Knowing about God and knowing Him personally are galaxies apart. One might bring notoriety or even fame, but the other brings depth. Recognize the difference and choose well. That one decision will make all the difference, now and for all eternity.

God’s Love Is…

I have been studying the topic: the love of God. Amazing study. As I looked at the verse “nothing can separate us from the love of God” (Romans 8:35-39) I ran across an amazing story.

A fourth-century Archbishop of Constantinople was such an eloquent preacher that, after his death, the Greek word Chrysostomos (“golden mouthed”) was added to his given name, John. History has since known him as John Chrysostom. He did not hesitate to point out abuses of power wherever he found them, and his outspoken oratory got him in trouble with both the church and the Roman Empire. On one such occasion, he was brought before the Roman Emperor. Tradition tells us that the emperor fixed Chrysostom with a glare and said: “I will banish you if you do not give up your faith.”

“You can banish me,” Chrysostom replied, “for the whole would is my Father’s house.”

“But I will put you to death.”

“No, you can’t. My life is hid with Christ in God.”

“Then I will take away all your material possessions.”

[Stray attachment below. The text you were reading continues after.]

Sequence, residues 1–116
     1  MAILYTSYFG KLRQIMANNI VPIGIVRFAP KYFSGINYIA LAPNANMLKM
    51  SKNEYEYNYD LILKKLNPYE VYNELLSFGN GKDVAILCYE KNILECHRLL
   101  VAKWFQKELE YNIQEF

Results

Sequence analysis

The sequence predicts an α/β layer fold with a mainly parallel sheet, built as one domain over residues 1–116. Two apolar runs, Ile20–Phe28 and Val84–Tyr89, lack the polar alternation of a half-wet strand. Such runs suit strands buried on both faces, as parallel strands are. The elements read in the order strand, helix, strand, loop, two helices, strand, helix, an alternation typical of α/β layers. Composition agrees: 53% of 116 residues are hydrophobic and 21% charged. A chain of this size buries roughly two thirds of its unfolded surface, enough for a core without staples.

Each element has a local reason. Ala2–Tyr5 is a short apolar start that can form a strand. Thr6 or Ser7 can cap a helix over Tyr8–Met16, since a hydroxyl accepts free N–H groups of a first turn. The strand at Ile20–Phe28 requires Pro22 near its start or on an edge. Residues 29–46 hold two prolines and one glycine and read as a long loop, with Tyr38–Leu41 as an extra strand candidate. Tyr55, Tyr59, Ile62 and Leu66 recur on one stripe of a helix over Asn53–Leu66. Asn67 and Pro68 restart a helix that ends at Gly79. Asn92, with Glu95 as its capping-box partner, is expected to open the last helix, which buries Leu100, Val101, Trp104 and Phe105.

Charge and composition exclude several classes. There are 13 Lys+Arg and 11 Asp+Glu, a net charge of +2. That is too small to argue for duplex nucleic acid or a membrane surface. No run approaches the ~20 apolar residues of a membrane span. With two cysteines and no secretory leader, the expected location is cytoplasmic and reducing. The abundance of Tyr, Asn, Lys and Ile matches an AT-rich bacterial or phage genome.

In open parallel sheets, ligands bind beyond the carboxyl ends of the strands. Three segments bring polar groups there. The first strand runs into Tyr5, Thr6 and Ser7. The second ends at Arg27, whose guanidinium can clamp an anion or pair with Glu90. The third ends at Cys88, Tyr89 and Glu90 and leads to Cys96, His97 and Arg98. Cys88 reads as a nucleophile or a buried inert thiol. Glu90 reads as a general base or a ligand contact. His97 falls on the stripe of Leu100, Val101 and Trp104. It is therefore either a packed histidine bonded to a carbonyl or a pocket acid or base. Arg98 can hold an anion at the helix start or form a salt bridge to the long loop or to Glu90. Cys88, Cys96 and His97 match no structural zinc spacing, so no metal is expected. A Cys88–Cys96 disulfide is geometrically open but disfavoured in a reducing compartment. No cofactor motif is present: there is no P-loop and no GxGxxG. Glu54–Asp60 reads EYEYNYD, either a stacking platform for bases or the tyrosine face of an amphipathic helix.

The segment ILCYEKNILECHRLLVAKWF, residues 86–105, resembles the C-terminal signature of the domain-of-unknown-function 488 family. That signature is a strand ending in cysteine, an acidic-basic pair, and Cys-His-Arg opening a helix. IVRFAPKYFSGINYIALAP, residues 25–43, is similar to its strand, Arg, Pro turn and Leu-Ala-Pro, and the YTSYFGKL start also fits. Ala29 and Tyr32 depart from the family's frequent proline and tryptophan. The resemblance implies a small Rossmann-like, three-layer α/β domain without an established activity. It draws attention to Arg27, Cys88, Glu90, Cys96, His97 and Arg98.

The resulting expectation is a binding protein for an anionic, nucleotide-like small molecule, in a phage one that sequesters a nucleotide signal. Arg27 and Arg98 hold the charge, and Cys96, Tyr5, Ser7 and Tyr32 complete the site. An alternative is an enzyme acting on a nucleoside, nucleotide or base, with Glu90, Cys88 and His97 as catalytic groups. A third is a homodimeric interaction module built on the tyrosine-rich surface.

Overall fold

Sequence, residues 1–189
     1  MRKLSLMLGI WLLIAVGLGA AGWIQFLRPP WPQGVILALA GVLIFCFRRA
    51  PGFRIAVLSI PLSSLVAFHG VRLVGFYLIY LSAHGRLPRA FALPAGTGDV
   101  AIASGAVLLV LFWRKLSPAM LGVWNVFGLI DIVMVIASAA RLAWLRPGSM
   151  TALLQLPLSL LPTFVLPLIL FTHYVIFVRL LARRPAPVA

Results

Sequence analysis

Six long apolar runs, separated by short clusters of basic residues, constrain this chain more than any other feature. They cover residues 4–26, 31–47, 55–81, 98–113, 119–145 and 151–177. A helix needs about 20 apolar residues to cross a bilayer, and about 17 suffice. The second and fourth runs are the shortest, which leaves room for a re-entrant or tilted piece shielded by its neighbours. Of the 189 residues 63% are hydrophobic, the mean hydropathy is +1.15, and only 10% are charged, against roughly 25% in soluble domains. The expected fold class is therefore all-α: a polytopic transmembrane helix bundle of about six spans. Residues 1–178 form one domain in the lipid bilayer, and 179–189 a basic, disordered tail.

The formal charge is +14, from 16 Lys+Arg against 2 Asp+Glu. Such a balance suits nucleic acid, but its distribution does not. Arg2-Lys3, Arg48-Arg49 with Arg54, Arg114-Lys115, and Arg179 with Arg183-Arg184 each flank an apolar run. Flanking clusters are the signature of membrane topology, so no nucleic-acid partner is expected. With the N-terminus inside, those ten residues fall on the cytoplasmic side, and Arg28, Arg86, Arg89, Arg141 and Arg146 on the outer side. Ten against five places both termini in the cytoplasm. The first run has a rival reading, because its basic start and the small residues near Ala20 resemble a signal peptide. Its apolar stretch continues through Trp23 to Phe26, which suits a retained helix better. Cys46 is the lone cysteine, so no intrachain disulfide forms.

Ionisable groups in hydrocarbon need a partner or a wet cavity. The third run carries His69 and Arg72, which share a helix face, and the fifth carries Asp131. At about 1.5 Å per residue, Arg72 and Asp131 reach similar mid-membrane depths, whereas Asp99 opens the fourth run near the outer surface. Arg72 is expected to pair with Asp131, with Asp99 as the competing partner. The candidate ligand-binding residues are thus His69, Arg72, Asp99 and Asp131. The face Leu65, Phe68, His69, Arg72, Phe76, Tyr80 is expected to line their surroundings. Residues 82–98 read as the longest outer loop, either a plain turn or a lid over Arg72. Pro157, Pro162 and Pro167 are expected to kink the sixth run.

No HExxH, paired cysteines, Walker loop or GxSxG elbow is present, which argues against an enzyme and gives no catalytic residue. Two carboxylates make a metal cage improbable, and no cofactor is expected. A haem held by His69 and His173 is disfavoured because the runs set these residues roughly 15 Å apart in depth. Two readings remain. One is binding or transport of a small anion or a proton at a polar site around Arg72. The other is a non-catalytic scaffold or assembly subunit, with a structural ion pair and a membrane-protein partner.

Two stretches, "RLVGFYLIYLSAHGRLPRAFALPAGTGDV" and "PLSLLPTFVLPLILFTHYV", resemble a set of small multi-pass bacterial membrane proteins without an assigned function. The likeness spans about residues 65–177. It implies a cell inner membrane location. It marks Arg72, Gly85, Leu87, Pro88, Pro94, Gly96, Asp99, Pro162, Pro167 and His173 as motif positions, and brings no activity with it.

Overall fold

“No, you can’t. My treasure is in heaven along with my heart.”

“But I can drive you away from man. You will have no friends left.”

“No, you can’t make me friendless. I have a Friend in heaven from whom you can’t separate me. I defy all your attempts to silence me. There is nothing you can do to hurt me.”

This brave and bold man had a firm grasp on the power behind true courage, the power behind clear resolution, the power behind unshakable faith. He believed without wavering that the love of God held him firmly and would never leave him, no matter how severe the adversity he faced. 

How different would your life be if you found the same security in God’s love? How much more freedom would you feel? How bold would you be? How much more peace and contentment would you have? The same power that motivated John Chrysostom is within your grasp — the overcoming power that comes from realizing how tenaciously God loves you.

Romans 8:35-39 “Who shall separate us from the love of Christ? Shall tribulation, or distress, or persecution, or famine, or nakedness, or danger, or sword? As it is written, “For your sake we are being killed all the day long; we are regarded as sheep to be slaughtered.” No, in all these things we are more than conquerors through him who loved us. For I am sure that neither death nor life, nor angels nor rulers, nor things present nor things to come, nor powers, nor height nor depth, nor anything else in all creation, will be able to separate us from the love of God in Christ Jesus our Lord.”

The Power of the Word

One of my favourite preachers is G. Campbell Morgan (1863 to 1945) and he has an amazing story to tell about the power of God’s Word in the life of anyone who is truly seeking for truth and purpose.

He had grown up in a Christian home, never questioning that the Bible was the Word of God. But in college, his faith was severely challenged and he began to entertain doubts. “The whole intellectual world was under the mastery of the physical scientists, and of a materialistic and rationalistic philosophy,” he later said. “There came a moment when I was sure of nothing.”